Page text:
# Psych 385 Notes 10-29.docx

## Psychology 385 with De Moll at University of Tennessee - Knoxville *

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Derrica S.

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Study Guide for Hurlburt's Comprehending Behavioral Statistics, 4th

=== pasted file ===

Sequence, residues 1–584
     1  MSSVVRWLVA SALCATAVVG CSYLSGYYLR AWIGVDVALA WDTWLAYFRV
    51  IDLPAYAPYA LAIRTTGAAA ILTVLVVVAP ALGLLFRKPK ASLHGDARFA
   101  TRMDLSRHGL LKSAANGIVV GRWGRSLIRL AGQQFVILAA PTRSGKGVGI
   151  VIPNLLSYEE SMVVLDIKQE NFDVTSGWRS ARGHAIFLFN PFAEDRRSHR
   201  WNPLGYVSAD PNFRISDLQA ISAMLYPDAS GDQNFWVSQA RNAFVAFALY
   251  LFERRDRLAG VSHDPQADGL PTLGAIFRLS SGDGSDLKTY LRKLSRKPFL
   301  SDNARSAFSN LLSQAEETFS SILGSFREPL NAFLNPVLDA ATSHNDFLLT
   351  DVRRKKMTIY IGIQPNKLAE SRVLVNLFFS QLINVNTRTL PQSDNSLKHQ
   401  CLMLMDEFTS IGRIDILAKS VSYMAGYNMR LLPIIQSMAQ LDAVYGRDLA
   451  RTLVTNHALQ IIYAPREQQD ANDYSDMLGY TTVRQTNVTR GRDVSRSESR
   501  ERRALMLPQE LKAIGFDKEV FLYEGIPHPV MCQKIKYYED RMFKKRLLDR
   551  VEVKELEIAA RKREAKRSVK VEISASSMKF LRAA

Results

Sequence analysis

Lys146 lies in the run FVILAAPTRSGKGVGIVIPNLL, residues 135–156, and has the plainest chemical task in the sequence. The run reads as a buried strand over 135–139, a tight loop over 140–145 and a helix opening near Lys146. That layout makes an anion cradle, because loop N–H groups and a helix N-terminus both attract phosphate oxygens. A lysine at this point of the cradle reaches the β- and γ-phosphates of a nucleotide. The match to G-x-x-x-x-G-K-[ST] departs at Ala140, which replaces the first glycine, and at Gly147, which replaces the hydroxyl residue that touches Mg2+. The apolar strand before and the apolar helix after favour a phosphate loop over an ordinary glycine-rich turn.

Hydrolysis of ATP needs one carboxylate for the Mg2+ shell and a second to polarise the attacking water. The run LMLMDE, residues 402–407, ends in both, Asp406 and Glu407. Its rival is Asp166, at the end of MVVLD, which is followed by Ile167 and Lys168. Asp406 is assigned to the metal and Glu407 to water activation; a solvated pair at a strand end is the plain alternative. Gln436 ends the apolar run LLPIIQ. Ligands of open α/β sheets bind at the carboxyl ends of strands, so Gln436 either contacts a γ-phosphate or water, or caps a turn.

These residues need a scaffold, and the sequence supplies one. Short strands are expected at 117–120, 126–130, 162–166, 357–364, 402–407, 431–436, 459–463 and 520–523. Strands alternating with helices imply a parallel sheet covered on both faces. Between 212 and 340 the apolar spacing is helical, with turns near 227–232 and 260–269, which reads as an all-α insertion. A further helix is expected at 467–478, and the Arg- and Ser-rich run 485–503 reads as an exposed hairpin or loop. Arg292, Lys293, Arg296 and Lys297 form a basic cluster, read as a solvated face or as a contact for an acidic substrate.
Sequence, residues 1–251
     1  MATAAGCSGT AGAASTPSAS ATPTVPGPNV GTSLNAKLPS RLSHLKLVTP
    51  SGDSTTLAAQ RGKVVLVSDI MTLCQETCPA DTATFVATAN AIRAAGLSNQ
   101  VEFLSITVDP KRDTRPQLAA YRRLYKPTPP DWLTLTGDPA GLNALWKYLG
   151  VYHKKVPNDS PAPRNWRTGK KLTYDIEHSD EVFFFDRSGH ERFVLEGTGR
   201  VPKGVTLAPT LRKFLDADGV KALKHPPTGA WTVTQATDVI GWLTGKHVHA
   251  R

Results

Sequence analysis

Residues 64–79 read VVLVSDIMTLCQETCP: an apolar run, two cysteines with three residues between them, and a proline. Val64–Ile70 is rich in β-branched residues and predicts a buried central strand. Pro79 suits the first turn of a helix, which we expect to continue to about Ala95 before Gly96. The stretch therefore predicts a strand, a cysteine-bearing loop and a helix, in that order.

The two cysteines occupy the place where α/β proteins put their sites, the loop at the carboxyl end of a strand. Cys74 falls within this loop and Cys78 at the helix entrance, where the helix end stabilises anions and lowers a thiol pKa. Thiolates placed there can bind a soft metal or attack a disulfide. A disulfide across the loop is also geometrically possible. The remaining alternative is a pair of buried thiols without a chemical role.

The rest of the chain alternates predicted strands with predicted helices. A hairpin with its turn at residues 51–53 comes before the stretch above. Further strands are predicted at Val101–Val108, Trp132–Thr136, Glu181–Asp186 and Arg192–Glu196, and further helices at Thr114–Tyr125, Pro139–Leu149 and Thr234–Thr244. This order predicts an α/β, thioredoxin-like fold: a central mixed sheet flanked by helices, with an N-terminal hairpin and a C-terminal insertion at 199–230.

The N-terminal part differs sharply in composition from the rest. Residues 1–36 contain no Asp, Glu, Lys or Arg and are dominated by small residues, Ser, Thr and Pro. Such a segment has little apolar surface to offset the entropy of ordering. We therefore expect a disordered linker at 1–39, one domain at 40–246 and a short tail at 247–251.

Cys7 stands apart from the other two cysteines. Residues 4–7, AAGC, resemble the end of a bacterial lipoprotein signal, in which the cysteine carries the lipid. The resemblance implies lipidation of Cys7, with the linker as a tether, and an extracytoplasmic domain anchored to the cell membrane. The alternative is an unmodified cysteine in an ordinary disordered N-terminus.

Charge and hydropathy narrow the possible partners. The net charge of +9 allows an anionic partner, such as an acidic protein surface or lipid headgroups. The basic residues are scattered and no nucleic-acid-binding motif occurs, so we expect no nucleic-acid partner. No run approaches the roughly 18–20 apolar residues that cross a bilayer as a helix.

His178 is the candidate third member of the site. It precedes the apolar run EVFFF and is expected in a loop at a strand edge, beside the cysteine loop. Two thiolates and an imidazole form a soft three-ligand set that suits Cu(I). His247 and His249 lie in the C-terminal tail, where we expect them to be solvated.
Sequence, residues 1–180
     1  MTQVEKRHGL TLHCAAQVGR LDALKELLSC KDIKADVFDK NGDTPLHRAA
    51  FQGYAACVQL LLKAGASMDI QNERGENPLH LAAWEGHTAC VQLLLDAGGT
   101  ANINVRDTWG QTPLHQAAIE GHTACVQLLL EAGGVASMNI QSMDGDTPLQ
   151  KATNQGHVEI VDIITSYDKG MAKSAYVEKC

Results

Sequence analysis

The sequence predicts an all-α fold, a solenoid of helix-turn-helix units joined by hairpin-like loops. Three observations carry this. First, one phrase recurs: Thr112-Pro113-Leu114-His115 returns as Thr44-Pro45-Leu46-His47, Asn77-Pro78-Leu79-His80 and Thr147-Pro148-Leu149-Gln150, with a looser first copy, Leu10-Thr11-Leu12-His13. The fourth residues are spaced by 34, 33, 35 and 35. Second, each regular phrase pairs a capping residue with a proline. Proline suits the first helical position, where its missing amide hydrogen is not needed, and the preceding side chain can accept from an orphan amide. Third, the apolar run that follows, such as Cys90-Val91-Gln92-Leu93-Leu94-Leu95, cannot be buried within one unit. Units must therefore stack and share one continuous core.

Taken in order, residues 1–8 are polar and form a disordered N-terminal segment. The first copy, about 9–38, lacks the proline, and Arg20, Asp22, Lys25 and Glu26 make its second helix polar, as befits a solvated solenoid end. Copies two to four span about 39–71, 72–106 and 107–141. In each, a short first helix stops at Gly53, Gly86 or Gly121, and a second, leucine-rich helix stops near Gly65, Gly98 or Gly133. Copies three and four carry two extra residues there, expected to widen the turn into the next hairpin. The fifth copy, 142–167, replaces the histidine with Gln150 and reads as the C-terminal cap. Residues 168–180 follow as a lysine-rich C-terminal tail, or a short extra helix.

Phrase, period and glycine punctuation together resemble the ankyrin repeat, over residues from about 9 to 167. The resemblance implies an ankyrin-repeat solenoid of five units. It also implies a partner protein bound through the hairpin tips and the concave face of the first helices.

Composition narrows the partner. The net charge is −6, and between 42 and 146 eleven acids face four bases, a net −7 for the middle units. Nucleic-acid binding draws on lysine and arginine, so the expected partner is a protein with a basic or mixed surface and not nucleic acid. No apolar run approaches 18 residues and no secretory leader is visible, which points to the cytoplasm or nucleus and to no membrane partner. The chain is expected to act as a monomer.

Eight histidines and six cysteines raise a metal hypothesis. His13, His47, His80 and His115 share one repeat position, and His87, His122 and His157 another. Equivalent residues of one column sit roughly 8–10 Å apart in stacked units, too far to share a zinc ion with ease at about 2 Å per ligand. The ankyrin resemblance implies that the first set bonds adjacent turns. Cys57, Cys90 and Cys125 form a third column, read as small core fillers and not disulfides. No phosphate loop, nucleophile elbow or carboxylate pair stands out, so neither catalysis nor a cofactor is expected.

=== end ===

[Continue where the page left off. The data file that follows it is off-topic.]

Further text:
October 29, 2009 #2: Setting criteria for rejection Directional test – One tailed test α – rejection region (the whole rejection region is in one tail only) if we calculate x̄ and it loads in the rejection region, we can reject null. Zcv = 1.65 Nondirectional test – just difference Two-tailed test Just difference Zcv = ± 1.96 The larger α is, the larger the rejection region When you use the test statistic formula (), you are in essence calculating a z score (and when you are engages in hypothesis testing) comparing it to the zcv (zcv depends on how you’ve set alpha). This z score is give the name of test statistic. Hypothesis Testing State hypothesis Ho and Ha Set your rejection criteria (α) You actually perform test Calculate test statistic (zobs) Interpret your results Reject the Ho Fail to reject the Ho Reality Flipside of β is power β is the probability of making a type two error Power is the probability of rejecting Ho when indeed the Ho is false. Seeing an effect that’s truly there Power = 1- β Several Factors affect Power (Power is the probability of rejecting Ho when indeed Ho is false – i.e., the probability of seeing a true effect/ of picking up on the fact that your variable/treatment makes a difference) Effect size More overlap between the two true distributions = smaller effect size Harder to pick up on the fact that there are two distributions Thus, the power here is fairly low. Decision Ho true (no effect, treatment/ variable doesn’t matter Ho false (effect really exists, treatment works, variable makes a difference) Reject Ho Type I error (α) true Fail to reject Ho (you are saying Ho is true) true Type II error (β) Factor What its affect on power is controllable Effect size (just how much μHo and μHa deviate in terms of raw magnitude) The larger effect size is, the greater power is no

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